Indian Residential School Survivors Society – A provincial organization that provides essential services to Residential School Survivors, their families, and those dealing with Intergenerational traumas. Indigenous trans, two-spirit and other LGBTQ+ Indigenous people are able to connect with their Resolution Health Support Worker and LGBTQ+ Liaison for support, interim counselling, and cultural connection and ceremony. To access this program ask to be connected with the LGBTQ+ Liaison by:
A Two-Spirit Journey: The Autobiography Of A Lesbian Ojibwa-Cree Elder.
Ma-Nee Chacaby & Mary Louisa Plummer, 2016.
Queer Indigenous Studies: Critical Interventions in Theory, Politics, and Literature (First Peoples: New Directions in Indigenous Studies). Driskill et al, 2011.
Spaces between us: Queer settler colonialism and Indigenous decolonization. Scott Lauria Morgensen, 2011.
Spirit and the Flesh: Sexual Diversity in American Indian Culture. Walter L. Williams, 1992.
Two-Spirit People: Native American Gender Identity, Sexuality, and Spirituality. Jacobs, Thomas & Lang, 1997.
The Zuni Man-Woman. Will Roscoe, 1992.
Dancing to Eagle Spirit Society is a Vancouver based organization dedicated to healing and empowerment of Two-Spirit individuals
Native OUT – a non-profit education and media organization, actively involved in the Two-Spirit movement. They utilize the internet, through their website, multimedia and social networks to educate about the Indigenous LGBTQ+ and Two-Spirit people of North America
The Native Youth Sexual Health Network has a national campaign for First Nations youth across Canada to fight homophobia and normalize healthy sexuality. Includes free Two-Spirit posters to download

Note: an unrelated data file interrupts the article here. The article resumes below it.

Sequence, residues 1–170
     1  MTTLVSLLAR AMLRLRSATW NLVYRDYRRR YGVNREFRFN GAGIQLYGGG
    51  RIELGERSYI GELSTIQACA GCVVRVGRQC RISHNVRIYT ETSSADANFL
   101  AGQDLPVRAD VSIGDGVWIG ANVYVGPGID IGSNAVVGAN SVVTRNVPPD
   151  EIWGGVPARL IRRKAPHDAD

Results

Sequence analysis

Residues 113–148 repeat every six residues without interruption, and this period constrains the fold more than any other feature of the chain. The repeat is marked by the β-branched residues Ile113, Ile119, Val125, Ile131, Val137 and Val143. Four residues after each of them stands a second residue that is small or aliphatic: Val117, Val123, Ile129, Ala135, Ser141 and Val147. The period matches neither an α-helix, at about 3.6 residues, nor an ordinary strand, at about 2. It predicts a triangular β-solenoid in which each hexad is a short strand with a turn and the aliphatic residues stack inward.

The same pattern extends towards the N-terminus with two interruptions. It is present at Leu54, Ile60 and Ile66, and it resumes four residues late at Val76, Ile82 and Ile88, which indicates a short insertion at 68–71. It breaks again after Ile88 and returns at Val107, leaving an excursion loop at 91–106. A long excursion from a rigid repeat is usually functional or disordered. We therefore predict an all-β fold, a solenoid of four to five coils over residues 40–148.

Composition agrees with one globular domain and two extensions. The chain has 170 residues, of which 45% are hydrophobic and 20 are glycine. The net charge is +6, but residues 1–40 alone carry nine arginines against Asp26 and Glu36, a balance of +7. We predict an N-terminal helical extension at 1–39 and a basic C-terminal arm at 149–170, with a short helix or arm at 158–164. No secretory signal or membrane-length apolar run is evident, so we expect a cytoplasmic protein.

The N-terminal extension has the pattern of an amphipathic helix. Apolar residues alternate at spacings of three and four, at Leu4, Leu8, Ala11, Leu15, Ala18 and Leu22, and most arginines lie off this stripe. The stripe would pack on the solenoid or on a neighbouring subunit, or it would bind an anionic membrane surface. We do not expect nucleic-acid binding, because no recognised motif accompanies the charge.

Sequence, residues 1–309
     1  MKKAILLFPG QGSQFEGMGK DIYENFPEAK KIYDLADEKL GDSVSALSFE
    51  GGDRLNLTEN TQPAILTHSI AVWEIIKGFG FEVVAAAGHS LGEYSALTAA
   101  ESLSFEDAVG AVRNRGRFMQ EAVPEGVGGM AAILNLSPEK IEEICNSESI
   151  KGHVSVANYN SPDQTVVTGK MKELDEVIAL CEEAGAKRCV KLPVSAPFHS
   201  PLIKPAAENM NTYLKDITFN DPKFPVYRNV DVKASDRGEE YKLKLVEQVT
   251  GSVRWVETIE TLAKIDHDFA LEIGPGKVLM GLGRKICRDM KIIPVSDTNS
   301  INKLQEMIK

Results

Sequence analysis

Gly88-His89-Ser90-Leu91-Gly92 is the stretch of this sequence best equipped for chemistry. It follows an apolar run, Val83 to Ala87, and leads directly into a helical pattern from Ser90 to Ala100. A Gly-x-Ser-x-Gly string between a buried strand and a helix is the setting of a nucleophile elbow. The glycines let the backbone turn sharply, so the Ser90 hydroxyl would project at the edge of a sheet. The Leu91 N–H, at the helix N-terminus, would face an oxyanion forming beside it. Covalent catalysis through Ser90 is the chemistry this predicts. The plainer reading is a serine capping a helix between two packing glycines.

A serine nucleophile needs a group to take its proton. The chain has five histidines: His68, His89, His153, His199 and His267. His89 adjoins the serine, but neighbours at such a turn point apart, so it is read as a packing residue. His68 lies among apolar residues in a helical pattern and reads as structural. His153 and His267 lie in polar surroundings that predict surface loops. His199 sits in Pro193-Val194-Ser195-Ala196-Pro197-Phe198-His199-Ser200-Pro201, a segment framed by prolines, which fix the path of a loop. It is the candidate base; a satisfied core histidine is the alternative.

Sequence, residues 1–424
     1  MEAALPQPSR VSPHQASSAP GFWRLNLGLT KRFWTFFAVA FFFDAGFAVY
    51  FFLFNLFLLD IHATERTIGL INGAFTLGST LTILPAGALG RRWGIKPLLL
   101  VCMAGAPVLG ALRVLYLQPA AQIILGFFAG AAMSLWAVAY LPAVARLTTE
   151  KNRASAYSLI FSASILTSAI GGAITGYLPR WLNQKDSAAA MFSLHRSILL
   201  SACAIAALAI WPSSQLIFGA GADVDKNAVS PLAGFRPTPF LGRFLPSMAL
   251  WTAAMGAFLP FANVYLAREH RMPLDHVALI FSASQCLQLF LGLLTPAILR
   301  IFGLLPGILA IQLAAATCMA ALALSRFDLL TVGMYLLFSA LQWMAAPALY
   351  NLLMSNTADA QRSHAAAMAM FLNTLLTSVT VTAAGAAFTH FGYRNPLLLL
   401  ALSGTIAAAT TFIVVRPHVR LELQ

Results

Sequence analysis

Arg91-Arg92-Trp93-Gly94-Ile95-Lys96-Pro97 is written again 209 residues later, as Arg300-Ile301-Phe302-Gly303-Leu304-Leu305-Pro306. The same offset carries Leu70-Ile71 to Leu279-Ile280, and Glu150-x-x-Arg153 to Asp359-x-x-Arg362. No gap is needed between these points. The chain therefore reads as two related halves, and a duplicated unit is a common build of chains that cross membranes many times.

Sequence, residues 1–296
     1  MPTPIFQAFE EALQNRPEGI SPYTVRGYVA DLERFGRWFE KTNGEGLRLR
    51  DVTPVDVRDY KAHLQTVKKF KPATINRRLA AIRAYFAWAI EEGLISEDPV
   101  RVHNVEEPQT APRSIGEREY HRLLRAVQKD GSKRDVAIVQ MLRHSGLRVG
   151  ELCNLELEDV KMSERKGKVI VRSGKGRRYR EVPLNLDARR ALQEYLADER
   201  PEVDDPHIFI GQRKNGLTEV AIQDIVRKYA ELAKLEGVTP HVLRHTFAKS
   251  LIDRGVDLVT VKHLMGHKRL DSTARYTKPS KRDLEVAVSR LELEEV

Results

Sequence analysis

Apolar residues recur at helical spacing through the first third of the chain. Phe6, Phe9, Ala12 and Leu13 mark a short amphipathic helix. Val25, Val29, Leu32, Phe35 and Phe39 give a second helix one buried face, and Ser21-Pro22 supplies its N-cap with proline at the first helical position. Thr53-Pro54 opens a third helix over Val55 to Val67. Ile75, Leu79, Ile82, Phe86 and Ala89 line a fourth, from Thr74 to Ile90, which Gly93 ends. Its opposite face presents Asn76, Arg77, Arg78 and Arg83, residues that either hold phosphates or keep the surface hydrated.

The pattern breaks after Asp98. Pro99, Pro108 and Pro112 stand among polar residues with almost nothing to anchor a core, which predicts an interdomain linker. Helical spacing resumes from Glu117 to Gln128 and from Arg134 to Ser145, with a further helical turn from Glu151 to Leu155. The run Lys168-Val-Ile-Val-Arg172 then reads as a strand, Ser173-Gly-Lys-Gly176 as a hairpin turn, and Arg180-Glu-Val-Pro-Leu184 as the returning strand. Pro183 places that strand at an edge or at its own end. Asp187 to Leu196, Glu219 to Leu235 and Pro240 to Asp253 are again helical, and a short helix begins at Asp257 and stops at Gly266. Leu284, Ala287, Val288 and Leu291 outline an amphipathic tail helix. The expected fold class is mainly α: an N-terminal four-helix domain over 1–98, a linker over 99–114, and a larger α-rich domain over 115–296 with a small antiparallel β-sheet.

The North American Aboriginal Two Spirit Information Pages – a great site for researching articles and information on Two-Spirit and Aboriginal issues, hosted by the University of Calgary
Two-Spirited People of the First Nations provides prevention education and support for Two-Spirit people, including First Nations, metis and Inuit people living with or at risk for HIV and related co-infections in the Greater Toronto Area. Work is based on Indigenous philosophies of holistic health and wellness.
- Driskill, Qwo-Li. (2011) "Doubleweaving Two-Spirit Critiques: Building Alliances between Native and Queer Studies." GLQ:
A Journal of Lesbian and Gay Studies, vol. 16 no. 1, 2010, pp. 69-92. Project MUSE, muse.jhu.edu/article/372445.
- Frazer, M. Somjen and Pruden, Harlan. (2010). Reclaiming Our Voice :Two Spirit Health & Human Service Needs in New York State. NYS DOH AIDS Institute: Albany, NY.
- Sarah Hunt & Cindy Holmes (2015)
Everyday Decolonization: Living a Decolonizing Queer Politics, Journal of Lesbian Studies, 19:2, 154-172
- Hunt, S. (2016).
An Introduction to the Health of Two-Spirit People: Historical, contemporary and emergent issues. Prince George, BC: National Collaborating Centre for Aboriginal Health.
- Ristock, Janice & Zoccole, Art & Passante, Lisa & Potskin, Jonathon. (2017). Impacts of colonization on Indigenous Two-Spirit/LGBTQ Canadians' experiences of migration, mobility and relationship violence. Sexualities.
- Ayden I. Scheim, Randy Jackson, Liz James, T. Sharp Dopler, Jake Pyne, Greta R. Bauer, (2013)
Barriers to well-being for Aboriginal gender-diverse people: results from the Trans PULSE Project in Ontario, Canada, Ethnicity and Inequalities in Health and Social Care, Vol. 6 Issue: 4, pp.108-12.
- Wesley, D., & Morgensen, Scott. (2015). Reimagining Two-spirit Community:
Critically Centering Narratives of Urban Two-spirit Youth, ProQuest Dissertations and Theses.
Wesley, Saylesh. (2014) Twin-Spirited Woman: Sts'iyo´ye smestı´yexw slha´:li. TSQ: Transgender Studies Quarterly 1.3: 338-351.
- Wilson, A. (2008).
N'tacimowin inna nah': Our Coming In Stories. Canadian Woman Studies, 26(3/4), 193-199.